ETL vs ELT or Data Warehouse vs Data Lake
Which is best for your BI architecture?
There’s a flood of technologies and methodologies – each represented by its own buzzwords and terms - for handling the growing amount of data. One of the hottest, and still ongoing, data debates is the question of ETL vs ELT, and how they relate to Data Warehouses and Data Lakes.
To help bring order to this terminological chaos, we’ve created a new white paper, available for download here. In it, we lay out in clearly-understandable terms:
- What are the differences and similarities between ETL and ELT
- Which one is better?
- Deciphering the buzzwords: Data Lakes and Data Warehouses
ETL and ELT Defined
To make data lakes more accessible to traditional analytic tools, data can be organized by running it through an Extract, Transform, Load (ETL) process.
ETL is normally a continuous, ongoing process with a well-defined workflow. ETL first extracts data from homogeneous or heterogeneous data sources. Then, data is cleansed, enriched, transformed, and stored either back in the lake or in a data warehouse.
ELT (Extract, Load, Transform) is a variant of ETL wherein the extracted data is first loaded into the target system. Transformations are performed after the data is loaded into the data warehouse. ELT typically works well when the target system is powerful enough to handle transformations. Analytical databases like Amazon Redshift and Google BigQuery are often used in ELT pipelines because they are highly efficient in performing transformations.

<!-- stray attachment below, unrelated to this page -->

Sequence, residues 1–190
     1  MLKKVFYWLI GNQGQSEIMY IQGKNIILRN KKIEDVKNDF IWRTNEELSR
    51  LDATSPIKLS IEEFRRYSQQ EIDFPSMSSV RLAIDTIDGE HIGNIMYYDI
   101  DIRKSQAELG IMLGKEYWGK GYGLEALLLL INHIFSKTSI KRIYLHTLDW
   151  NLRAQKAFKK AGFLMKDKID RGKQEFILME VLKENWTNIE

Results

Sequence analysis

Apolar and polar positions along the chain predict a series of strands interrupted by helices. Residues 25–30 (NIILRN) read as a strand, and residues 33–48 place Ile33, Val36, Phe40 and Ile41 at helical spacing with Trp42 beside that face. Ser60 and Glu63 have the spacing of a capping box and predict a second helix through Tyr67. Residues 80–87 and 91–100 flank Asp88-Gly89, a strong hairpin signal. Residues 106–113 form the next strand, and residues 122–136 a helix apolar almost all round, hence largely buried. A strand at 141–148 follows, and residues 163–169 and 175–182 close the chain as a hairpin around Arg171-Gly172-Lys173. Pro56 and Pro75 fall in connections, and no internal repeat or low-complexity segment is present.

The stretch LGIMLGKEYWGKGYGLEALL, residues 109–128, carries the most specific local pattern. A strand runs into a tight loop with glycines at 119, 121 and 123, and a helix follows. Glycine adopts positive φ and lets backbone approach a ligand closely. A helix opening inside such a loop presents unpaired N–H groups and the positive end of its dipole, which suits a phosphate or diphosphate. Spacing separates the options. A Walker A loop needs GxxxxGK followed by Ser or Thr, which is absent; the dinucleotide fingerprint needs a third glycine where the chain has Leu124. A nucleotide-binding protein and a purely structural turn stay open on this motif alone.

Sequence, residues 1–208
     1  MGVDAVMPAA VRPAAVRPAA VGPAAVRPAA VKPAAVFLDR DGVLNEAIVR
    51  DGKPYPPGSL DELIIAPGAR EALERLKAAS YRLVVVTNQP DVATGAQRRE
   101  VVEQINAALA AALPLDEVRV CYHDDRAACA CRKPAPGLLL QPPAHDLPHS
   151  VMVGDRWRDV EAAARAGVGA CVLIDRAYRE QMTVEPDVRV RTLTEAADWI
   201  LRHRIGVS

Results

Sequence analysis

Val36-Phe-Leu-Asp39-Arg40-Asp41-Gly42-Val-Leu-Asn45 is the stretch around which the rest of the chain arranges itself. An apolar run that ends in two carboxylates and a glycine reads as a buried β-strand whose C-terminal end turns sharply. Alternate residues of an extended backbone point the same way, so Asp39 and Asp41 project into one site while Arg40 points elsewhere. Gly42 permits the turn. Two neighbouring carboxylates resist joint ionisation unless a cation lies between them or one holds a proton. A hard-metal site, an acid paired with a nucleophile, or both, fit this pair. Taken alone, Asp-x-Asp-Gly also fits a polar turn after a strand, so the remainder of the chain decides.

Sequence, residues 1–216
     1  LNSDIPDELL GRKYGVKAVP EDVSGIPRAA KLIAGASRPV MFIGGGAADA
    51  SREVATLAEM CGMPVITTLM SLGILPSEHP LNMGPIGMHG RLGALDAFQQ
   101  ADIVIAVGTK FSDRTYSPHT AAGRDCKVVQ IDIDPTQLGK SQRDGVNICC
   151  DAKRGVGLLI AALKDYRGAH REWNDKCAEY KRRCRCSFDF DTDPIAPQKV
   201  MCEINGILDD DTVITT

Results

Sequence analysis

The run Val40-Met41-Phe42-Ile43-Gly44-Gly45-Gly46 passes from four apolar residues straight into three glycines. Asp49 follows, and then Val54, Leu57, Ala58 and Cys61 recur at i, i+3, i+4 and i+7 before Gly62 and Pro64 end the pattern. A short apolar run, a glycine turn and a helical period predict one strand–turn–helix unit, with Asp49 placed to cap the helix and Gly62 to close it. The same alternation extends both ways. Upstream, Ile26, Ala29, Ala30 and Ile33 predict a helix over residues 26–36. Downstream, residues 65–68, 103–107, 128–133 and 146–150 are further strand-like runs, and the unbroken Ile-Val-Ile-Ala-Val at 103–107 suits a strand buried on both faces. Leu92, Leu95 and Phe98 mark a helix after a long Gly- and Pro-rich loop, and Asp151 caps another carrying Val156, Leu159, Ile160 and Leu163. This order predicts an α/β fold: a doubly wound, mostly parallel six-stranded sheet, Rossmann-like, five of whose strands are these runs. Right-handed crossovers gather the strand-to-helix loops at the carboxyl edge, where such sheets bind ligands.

The Big Questions
There are a number of other key questions that need to be asked, when considering data warehouses versus data lakes. Questions like:
- What is the nature of my data? Do I need Real Time or is batch better? Structured or Unstructured?
- What About Data Volatility?
- Who are the people who need to query my data store, what are their skills? What are the types of queries that they will need to perform?
Finally, the bottom line: the data lake has nearly unlimited potential but requires transformations before achieving insights; a data warehouse requires significant investment in advance, yet in return delivers the ability to easily analyze everything, and the skills that are required in order to query it (usually SQL) are usually easier to find among your staff.
Which is best for you? We explain the considerations here.